Worker survives Yukon, Canada grizzly attack

Yukon conservation officer Ryan Hennings said a mineral exploration worker sustained minor injuries during an encounter with a grizzly bear near Wolf Lake. (CBC)
Yukon conservation officer Ryan Hennings said a mineral exploration worker sustained minor injuries during an encounter with a grizzly bear near Wolf Lake. (CBC)

A worker in a remote bush camp has walked away with fairly minor injuries after an encounter with a female grizzly bear Thursday.

The incident happened at a fly-in mineral exploration camp near Wolf Lake about 60 kilometres north of Swift River in Canada’s northwestern Yukon territory.

Ryan Hennings, a Yukon government conservation officer, said the two-woman crew had observed a sow and two cubs almost three weeks earlier but they’d seen nothing since until the incident late Thursday morning.

Hennings said it was a surprise encounter for both the woman and the bear, which began when she heard her dog bark to alert her.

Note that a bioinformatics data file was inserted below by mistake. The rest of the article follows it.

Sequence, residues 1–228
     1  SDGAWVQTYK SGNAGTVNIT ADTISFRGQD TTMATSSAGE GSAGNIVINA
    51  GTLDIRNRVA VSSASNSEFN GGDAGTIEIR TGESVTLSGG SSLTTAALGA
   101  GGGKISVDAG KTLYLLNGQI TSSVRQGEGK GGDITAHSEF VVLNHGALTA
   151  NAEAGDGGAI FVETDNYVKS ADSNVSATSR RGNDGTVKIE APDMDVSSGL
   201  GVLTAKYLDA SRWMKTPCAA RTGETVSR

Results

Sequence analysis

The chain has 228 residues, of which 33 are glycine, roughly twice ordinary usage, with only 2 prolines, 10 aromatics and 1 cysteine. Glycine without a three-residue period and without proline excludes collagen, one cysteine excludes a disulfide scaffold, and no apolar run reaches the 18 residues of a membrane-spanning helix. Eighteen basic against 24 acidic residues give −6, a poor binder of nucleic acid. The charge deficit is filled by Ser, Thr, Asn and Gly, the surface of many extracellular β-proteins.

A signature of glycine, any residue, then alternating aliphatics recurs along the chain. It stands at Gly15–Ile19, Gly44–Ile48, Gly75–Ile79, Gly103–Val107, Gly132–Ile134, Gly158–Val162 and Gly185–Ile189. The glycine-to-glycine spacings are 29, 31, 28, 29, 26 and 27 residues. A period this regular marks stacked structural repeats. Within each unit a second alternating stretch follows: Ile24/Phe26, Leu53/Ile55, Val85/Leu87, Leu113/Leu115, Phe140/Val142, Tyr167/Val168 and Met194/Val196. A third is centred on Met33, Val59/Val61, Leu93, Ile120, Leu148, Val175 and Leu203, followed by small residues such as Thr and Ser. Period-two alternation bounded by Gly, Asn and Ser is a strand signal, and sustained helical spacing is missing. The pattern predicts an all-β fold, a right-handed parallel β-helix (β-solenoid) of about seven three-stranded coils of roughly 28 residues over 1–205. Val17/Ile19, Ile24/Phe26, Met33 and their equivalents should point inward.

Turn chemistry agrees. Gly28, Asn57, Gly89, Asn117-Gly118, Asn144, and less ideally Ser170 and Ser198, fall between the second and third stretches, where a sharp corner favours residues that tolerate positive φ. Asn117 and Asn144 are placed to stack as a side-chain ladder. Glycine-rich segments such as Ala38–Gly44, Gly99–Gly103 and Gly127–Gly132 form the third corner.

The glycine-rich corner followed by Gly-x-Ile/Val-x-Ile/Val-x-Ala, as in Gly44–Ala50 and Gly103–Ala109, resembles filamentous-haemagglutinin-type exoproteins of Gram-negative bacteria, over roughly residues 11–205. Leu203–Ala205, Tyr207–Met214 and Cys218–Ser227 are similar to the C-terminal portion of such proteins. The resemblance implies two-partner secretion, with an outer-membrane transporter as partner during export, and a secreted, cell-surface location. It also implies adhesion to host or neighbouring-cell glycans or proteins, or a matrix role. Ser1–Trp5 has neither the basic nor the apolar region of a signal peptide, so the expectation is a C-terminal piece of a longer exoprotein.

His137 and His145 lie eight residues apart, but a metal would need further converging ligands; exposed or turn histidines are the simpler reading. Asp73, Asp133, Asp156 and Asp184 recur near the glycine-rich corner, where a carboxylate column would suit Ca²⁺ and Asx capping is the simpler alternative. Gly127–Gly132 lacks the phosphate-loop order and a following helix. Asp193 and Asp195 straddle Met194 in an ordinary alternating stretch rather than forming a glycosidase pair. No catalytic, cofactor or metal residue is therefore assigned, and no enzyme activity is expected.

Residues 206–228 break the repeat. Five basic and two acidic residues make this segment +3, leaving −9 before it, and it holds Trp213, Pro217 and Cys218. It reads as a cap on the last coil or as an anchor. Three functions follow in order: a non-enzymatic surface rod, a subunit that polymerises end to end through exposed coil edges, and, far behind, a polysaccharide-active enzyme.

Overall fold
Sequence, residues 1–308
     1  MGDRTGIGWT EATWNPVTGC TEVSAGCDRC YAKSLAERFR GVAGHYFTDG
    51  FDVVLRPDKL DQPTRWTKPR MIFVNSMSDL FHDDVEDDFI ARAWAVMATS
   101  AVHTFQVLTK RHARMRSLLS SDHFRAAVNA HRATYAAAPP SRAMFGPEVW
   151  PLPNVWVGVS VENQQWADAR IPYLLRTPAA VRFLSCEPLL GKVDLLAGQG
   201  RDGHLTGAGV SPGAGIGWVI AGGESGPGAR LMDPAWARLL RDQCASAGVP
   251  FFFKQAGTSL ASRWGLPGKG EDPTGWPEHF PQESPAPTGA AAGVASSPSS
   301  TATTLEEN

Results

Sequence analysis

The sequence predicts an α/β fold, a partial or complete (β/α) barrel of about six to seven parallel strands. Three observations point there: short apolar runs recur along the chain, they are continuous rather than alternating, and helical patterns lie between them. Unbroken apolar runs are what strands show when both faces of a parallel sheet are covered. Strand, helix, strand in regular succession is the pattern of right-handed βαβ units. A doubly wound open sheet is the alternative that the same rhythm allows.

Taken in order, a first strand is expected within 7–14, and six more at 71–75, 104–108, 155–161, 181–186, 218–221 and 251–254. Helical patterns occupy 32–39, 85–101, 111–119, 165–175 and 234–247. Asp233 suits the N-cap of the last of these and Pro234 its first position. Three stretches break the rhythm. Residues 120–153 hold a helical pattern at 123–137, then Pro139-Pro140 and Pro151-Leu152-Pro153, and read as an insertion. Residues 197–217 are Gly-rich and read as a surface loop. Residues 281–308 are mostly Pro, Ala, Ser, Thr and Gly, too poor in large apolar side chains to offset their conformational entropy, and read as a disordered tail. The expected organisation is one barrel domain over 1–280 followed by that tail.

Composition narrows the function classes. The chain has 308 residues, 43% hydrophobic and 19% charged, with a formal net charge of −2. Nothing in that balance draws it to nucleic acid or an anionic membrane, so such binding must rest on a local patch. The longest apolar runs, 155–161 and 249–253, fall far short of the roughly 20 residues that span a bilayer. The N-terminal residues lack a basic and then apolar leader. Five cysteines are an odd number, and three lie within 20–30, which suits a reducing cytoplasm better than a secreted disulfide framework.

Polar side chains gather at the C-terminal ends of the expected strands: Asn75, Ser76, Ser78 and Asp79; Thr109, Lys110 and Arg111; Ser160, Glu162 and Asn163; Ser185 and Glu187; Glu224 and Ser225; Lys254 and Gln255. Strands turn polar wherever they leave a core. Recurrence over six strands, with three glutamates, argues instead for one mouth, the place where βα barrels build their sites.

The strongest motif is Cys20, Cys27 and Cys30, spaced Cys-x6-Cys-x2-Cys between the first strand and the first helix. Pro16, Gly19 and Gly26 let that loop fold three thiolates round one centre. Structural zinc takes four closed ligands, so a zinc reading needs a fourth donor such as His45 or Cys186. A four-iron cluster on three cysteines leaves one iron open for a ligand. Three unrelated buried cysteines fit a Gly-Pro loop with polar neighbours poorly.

The bear was about 20 metres away when it charged her, and she tried to pulled her backpack over her head to protect her neck and skull.

“As she was pulling the backpack over her head, the bear swiped at her and caught her in the arm and she’s got two large claw wounds, like deep scratches, in her arm and a third one in the back of her elbow,” he said.

“So she was knocked to the ground. The bear kind of hoofed and hawed for a really brief second and then turned around and left.”

The bear gathered her cubs and vanished.

Hennings said the worker’s partner was on an opposite slope and witnessed the brief encounter, before running to help.

They called their employer via satellite phone. Company officials and conservation officers then flew in by helicopter.

The injured worker received treatment at Whitehorse General Hospital.

Hennings said there’s no risk to the public and the bear will be left alone.

CBC News

CBC News

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